Good morning Kenyans.
The recent weeks have been like a rollercoaster ride with more downs than ups for the country.
Matters in the political arena have gone a notch higher as the country awaits the fate of the BBI report.
Aside from the document, Kirinyaga Governor Anne Waiguru found herself back in the spotlight.
Despite her impeachment win against the local leaders the MCAs had vowed to frustrate her, which they have so far achieved
Waiguru on Monday ran to President Uhuru Kenyatta for help over the ongoing standoff between her and the group.
She further remarked that she had even reached out to the Senate and the Controller of budget.
According to the County boss, the ward representatives have become a stumbling block to her development plans.
The governor cited that amendments done by the leaders made it impractical for her to initiate any changes that would be beneficial to the residents of Kirinyaga.
The vocal female politician pointed out that health workers and coffee farmers would pay dearly if the ongoing war is not halted.
The two big questions are will Uhuru save Waiguru again or will the MCAs finally come out on top on this one?
Theses are the news making headlines on Opera News App:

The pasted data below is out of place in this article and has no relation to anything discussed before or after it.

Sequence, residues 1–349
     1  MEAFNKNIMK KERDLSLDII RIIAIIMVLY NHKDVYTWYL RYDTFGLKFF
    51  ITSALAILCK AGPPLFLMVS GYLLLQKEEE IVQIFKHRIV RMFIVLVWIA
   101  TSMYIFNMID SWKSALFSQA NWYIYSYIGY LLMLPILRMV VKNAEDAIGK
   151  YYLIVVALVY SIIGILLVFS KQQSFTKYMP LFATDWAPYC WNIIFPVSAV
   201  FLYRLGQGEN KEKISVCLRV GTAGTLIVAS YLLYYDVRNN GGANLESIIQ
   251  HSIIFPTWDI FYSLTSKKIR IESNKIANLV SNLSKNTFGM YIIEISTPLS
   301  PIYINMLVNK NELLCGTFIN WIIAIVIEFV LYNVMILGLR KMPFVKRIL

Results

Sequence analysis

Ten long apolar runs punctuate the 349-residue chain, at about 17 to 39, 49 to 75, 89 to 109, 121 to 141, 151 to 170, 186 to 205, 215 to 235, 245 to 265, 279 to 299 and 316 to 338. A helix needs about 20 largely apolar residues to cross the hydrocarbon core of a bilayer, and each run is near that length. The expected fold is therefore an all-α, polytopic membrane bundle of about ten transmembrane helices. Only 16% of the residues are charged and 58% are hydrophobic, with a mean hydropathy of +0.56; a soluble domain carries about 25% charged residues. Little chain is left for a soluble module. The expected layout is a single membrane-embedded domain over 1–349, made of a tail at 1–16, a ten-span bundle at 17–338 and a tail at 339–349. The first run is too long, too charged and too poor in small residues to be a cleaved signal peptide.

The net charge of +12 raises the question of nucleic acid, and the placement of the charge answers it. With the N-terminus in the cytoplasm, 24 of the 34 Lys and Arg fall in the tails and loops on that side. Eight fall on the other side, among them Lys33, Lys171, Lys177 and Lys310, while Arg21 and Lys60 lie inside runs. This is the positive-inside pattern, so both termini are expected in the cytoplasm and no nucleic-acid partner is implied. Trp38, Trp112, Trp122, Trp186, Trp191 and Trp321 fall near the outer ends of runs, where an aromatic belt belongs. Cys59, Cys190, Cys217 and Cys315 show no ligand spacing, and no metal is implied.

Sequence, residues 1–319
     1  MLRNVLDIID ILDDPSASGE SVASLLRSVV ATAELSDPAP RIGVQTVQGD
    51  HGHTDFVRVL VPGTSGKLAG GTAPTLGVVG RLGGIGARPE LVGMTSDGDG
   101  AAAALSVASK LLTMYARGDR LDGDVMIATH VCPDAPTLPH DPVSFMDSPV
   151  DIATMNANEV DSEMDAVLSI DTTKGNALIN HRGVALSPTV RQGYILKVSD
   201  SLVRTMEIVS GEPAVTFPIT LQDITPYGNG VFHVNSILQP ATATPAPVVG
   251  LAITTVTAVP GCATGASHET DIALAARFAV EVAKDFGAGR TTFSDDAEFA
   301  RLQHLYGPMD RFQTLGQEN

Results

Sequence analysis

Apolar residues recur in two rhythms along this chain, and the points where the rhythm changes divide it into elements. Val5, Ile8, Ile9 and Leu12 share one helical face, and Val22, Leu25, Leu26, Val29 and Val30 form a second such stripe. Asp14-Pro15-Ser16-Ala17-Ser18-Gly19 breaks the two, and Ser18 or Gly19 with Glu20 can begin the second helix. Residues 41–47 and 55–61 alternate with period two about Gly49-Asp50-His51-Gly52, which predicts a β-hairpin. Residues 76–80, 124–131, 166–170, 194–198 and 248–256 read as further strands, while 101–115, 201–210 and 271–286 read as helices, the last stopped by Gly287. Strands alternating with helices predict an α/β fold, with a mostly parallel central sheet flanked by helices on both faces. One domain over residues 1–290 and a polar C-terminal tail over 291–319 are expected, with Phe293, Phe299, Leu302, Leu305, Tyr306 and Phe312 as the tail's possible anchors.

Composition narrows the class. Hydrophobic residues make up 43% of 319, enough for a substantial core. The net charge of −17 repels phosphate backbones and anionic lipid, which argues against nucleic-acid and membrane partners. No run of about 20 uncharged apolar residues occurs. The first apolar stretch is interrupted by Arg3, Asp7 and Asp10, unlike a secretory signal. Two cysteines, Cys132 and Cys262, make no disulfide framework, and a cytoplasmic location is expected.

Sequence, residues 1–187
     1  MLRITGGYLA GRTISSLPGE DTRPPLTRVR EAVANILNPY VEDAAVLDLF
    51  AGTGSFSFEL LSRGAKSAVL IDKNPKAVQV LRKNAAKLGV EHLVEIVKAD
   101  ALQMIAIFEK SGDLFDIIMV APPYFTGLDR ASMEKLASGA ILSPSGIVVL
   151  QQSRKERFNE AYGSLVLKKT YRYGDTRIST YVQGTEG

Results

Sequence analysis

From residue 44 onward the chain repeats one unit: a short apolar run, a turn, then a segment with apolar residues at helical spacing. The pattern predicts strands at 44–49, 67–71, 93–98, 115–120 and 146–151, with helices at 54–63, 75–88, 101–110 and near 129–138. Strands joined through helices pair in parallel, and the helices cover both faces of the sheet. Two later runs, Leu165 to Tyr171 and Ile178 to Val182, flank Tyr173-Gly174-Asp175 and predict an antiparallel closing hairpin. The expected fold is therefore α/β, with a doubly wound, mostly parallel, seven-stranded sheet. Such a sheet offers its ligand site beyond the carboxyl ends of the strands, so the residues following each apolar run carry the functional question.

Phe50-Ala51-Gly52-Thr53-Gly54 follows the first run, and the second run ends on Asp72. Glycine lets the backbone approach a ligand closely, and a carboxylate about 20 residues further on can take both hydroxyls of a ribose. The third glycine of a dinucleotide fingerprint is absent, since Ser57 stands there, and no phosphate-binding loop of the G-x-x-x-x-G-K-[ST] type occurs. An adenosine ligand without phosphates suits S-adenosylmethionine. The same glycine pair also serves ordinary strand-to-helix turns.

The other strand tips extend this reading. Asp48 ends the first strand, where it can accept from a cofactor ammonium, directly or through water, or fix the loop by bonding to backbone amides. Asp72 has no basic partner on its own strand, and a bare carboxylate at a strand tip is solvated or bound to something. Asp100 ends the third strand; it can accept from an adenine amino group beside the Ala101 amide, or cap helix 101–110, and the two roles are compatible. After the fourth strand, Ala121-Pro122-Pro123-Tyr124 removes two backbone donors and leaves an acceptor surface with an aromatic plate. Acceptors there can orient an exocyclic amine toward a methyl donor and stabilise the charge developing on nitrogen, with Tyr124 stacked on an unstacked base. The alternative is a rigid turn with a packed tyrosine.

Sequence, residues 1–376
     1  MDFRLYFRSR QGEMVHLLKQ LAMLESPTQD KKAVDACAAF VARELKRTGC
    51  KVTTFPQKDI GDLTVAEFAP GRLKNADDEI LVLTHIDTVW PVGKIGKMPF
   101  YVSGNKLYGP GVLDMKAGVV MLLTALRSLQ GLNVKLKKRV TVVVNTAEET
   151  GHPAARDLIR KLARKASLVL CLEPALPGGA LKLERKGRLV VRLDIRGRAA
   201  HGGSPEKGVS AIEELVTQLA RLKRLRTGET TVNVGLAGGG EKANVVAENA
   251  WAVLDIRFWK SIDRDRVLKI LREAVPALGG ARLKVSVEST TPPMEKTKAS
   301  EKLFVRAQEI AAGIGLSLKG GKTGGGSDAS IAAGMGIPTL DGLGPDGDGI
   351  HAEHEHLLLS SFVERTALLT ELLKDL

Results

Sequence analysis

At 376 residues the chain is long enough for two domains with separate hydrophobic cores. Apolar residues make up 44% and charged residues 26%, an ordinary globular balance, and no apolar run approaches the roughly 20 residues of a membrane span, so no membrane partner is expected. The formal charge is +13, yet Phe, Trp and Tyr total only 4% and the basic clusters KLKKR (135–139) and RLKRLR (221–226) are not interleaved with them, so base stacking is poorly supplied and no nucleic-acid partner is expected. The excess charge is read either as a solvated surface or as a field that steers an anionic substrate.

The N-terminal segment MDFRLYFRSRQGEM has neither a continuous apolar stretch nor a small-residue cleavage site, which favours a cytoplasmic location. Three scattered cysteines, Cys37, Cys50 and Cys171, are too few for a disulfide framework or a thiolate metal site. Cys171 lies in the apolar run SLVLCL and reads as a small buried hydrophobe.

“You are in For a Rude Shock,” Murkomen Warns Uhuru Again Over Constitutional Amendments
Elgeyo Marakwet Senator Kipchumba Murkomen has once again launched an indirect attack against President Uhuru Kenyatta over the looming constitutional amendments.
Jubilee Party’s Billions at Centre of Uhuruto Divorce
The battle between President Uhuru Kenyatta and his Deputy William Ruto that has threatened to wreck Jubilee has shifted to the ruling party’s multi-billion purse.
A section of experts have faulted Education CS George Magoha’s decision to cancel the 2020 education calendar and issued him three alternatives to the closure of schools and candidates sitting KCSE and KCPE exams.
State health centres delivered a huge blow to Kenyans in regards to testing of Covid-19.
Reports indicated that National Public Health Laboratory Services, KNH and KEMRI will not be testing the public anymore.
This was considered a major setback to the citizens who relied on free screening to find out if they have the virus.
The move by the centres leaves Kenyans with the option of either paying for the services which is costly or rely on testing done by other organisation or institutions that have requested for the services.
This leaves one wondering, should citizens be paying for the tests yet the government reassured the country it would be free?
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